Newly released documents from New Zealand’s intelligence agency have confirmed that a 17-year-old attempted to assassinate Queen Elizabeth II, during a visit to New Zealand, in 1981.
The papers reveal that the ‘anti-royalist’ hid on a balcony, which was overlooking the Royal Parade in Dunedin, a city on the South Island, on 4th October.
The New Zealand Security Intelligence Service (NZSIS), have confirmed that he then fired a shot from a rifle, narrowly missing the Queen. The shot was fired by Christopher Lewis, a man who was said to have a deep-seated hatred for the royal family, and was later accused of murdering a mother and abducting her child.
And while it does not definitively confirm, it says that it was “highly likely” to be a shot aimed at the monarch. The papers – obtained by a Freedom of Information request – said it was, “highly likely, although it may not have been aimed directly at the Queen or the Royal Party”.
However, a recently declassified memo from the intelligence agency at the time, said that Christopher did intend to shoot the queen. The 1997 memo from the New Zealand Security Intelligence Service responded to claims at the time that the attempt may have been covered up.
It read, ‘Lewis did indeed originally intend to assassinate the Queen, however did not have a suitable vantage point from which to fire, nor a sufficiently high-powered rifle for the range from the target.’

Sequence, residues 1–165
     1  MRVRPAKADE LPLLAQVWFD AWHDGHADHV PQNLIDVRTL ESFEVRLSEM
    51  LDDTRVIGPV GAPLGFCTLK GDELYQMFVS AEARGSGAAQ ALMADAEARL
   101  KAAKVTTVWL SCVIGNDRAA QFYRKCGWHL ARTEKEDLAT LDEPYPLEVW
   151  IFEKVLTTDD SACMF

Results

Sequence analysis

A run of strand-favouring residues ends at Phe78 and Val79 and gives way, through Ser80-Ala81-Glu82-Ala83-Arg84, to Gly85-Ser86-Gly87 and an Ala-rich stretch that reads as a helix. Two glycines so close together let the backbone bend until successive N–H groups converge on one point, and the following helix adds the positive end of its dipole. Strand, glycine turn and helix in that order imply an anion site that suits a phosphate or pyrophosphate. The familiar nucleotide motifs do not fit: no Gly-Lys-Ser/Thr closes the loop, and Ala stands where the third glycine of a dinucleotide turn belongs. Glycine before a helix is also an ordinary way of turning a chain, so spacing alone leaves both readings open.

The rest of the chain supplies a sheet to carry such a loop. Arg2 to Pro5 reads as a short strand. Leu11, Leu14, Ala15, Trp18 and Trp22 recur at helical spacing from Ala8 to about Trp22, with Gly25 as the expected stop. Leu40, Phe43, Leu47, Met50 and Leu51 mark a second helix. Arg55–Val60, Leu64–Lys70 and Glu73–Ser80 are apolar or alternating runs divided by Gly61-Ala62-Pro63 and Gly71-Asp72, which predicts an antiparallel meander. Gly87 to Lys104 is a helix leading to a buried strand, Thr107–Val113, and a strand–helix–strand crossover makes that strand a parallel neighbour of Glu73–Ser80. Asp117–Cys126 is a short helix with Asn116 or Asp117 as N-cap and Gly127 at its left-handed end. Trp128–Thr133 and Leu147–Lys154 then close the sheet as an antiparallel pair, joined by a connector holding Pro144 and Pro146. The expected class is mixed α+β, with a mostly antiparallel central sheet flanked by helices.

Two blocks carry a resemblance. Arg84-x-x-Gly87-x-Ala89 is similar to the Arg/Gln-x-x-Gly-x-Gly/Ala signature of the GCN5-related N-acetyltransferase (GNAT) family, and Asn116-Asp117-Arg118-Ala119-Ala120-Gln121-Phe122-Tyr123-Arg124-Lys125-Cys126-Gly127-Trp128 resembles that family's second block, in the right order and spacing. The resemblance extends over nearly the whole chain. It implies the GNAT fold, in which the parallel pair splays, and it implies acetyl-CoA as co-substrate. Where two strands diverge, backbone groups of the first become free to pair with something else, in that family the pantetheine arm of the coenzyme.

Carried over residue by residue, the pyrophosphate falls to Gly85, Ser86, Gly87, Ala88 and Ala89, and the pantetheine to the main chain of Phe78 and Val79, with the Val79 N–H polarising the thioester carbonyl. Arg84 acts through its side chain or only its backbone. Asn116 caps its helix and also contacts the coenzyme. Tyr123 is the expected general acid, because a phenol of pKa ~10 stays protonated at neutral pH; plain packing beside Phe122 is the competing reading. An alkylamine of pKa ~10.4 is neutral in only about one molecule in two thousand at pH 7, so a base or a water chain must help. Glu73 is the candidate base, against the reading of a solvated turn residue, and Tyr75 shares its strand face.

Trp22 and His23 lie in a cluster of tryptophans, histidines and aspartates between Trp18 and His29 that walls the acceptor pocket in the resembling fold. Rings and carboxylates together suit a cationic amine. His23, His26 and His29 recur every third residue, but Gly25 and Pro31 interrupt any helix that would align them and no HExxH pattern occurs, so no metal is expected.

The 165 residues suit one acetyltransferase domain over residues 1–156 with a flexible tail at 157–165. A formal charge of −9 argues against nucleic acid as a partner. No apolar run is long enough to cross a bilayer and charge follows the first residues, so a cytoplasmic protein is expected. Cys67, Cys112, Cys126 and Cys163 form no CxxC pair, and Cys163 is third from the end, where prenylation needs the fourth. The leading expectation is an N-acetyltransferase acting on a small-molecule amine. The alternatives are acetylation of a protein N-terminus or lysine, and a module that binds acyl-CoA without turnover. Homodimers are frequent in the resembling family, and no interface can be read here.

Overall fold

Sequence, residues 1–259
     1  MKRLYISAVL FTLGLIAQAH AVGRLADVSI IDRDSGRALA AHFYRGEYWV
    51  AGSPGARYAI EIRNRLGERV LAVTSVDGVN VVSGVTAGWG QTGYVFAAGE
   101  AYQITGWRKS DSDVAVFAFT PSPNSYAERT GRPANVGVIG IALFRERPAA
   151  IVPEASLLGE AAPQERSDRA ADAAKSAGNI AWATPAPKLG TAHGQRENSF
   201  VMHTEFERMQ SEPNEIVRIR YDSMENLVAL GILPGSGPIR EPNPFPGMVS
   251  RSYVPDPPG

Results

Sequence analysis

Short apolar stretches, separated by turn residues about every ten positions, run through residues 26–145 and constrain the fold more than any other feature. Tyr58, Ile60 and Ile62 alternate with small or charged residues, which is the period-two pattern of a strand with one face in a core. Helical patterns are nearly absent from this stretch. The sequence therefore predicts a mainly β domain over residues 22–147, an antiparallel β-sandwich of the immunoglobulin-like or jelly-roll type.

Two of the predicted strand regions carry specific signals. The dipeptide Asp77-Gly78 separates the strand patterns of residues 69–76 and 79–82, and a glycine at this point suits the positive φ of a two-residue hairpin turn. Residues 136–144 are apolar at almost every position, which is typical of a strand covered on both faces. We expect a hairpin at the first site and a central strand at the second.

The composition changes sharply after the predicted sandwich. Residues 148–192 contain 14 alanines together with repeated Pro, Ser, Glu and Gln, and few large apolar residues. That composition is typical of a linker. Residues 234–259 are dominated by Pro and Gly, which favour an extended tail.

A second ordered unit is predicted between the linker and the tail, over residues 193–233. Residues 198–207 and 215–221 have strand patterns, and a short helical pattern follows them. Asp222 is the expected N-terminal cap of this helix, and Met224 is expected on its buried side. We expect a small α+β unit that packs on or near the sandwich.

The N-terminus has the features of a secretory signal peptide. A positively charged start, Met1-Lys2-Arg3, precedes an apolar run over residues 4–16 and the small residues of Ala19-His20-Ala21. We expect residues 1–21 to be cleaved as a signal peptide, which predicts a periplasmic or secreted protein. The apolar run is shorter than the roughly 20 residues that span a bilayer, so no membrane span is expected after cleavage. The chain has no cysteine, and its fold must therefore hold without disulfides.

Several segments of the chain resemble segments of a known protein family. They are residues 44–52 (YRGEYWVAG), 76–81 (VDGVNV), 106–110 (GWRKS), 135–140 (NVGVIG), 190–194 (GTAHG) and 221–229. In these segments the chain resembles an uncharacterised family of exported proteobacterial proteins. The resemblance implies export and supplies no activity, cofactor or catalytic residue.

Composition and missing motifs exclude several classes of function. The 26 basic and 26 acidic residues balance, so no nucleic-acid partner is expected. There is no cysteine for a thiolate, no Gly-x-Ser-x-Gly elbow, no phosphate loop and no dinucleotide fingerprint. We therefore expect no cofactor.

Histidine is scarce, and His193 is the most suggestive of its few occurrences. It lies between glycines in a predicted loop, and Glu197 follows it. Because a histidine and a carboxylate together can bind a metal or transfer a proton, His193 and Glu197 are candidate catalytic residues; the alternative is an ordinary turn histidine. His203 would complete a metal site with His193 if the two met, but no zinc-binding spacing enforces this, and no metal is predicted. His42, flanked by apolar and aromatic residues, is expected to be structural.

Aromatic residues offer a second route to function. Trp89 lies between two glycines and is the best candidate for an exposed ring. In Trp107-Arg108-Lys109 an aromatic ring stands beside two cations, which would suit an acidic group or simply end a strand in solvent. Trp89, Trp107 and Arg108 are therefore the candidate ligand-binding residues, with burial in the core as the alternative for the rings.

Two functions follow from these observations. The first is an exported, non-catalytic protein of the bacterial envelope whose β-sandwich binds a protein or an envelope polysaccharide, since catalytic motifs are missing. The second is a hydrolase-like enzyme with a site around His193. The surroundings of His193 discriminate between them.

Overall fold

But it also references how onlookers and press at the time were not told the entire truth – and that some were told the noise was a sign falling down.
The memo read, ‘Current police investigations into the shots have been conducted discreetly and most media representatives probably have the impression that the noise was caused by a firework of some description.’
According to reporter Hamish McNeilly, writing for website Stuff, who originally began obtaining the official documents, Christopher had become determined to wipe out the entire royal family.
Since the incident, Christopher Lewis had been described as “severely disturbed” by the official memos at the time. It’s been said that he plotted other attempts on the lives of the royal family, and in 1995, officials said police were still paying “close attention” to Christopher ahead of another royal visit to the area.
Over 10 years after the attempt on the Queen’s life, Christopher was charged with the murder of a mother, and the abduction of her young baby. However, he killed himself in prison in 1997, while awaiting trail for the offence.
FROM: Woman & Home, our sister site.